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Ffestiniog
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Discussion Starter · #1 ·
http://www.skyscrapercity.com/showthread.php?goto=newpost&t=903210

Looks like Birmingham is trying to gain special protection for the Balti, which it is claimed, was invented there.

Should Liverpool do the same for Scouse? Sure, it may have been based on something from Scandinavia, but how similar is the modern version to what was had before exactly? And also, Scouse is a unique name, even if derived from another word. Has it always been eaten with beet root?

I imagine there are wide variations in the production of balti dishes, and there is probably an authentic, Asian origin for it, so why shouldn't the same be done with scouse? It would get the area some publicity and maybe even create an export industry and something for tourists to have on visits.

I have already seen it being served in eateries outside of Merseyside; but was it made the proper way? If the council don't leave it too long, it won't look so much like they are copying Birmingham CC.

:eat:
 

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Ffestiniog
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Discussion Starter · #3 ·
Imagine the Scouse dish becoming world famous the way champagne is! Brilliant for the area's international profile and cultural message. And imagine all of the jobs being created, making scouse for export; M&S microwave meals, airline food, licenced scouse restaurants in the USA and Japan, etc.

It just takes a bit of vision and entrepreneurial spirit!

:banana:
 

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^^

You might be putting the cart before the horse there. Melton Mowbray pies, Parma Ham, and other protected items, gained their protected status after they became extremely popular food items, and were in danger of being tarnished by anyone and everyone trading on their popularity. In short, they didn't get protected status in order to become popular, which would be the case if we tried to get Scouse protected.

Besides, if something needs to be protected, by definition, it is in danger. But is Scouse actually in danger? Is some company trying to make money off the back of it's name? Not that I'm aware of. Is Scouse, in danger of someone making a cheap knock-off thereby tarnishing its name? Nope. In contrast to Balti, which has spread far and wide from Birmingham, I haven't seen any evidence of Scouse spreading outside the local area. and thus I don't think it is in any danger, and doesn't need protecting.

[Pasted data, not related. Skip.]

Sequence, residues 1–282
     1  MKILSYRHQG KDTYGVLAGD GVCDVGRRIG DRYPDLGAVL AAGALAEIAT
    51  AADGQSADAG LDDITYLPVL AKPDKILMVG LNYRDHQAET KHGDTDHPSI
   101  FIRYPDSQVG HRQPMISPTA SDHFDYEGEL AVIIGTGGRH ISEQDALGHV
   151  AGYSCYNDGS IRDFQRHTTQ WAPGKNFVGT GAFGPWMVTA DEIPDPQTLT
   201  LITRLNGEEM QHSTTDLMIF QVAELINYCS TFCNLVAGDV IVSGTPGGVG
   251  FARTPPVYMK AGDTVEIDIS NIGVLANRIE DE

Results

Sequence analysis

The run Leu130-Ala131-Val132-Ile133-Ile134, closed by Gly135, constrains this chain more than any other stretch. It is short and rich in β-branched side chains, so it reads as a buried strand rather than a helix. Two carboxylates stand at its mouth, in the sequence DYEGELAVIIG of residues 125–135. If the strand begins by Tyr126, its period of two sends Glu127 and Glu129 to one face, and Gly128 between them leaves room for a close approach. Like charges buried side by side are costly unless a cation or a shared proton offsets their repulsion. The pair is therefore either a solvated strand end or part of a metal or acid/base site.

but was it made the proper way?
That's a problem in a nutshell right there. What is the 'proper' way. Scouse is one of those dishes that everyone has their own take on. Yes the basic ingredients may be broadly similar, but everything else varies from person to person. I doubt you'd ever get a consensus of opinion on what is the proper way.

I like the way you are thinking outside the box in terms of ways to market the city, and get the Liverpool name out there (we could do with some of that down at the town hall) I'm just not sure this is it. :)
 

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Ffestiniog
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Discussion Starter · #5 ·
Fair comments Chris.

But I'm sure some of the things you have said apply equally to Balti. In the first place, it probably has Asian origins, and there must be loads of ways of making it even within Birmingham. Plus, it has been made outside Birmingham for years.

I honestly can see Scouse becoming more popular than it is; I have already seen it being sold in different parts of the country, and possibly once when I was abroad. I'm not claiming that it is very common, but I have noticed it a bit over the last 12 months, maybe it has been helped by Capital of Culture, and maybe people seeing a novelty value in eating the cuisine of scouser people. Also, it is just good "scran", regardless of the variations in style you inevitably get.

I'm not so sure about the cart before the horse comment. Just because other areas have used it in a belated fashion to protect something they value, why shouldn't Liverpool USE it to make something more popular than it already is? If nothing else, it would raise the profile of something quinetessentially, well, scouse! Not many places have their own dish, so there is kudos.

Just some thoughts. :)

I was going to start a similar discussion on the Manchester forum about Eccles cakes; they appear to have had protection but now lost it (I think). Not sure why; it all seems a bit arbitrary, so if money can be made and image improved, why not try?
 

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It is a regular debate as to what makes the best scouse and what ingredients are the traditional ones. If we cannot determine that then how can we protect its quality and authenticity? More to the point, why would we want to?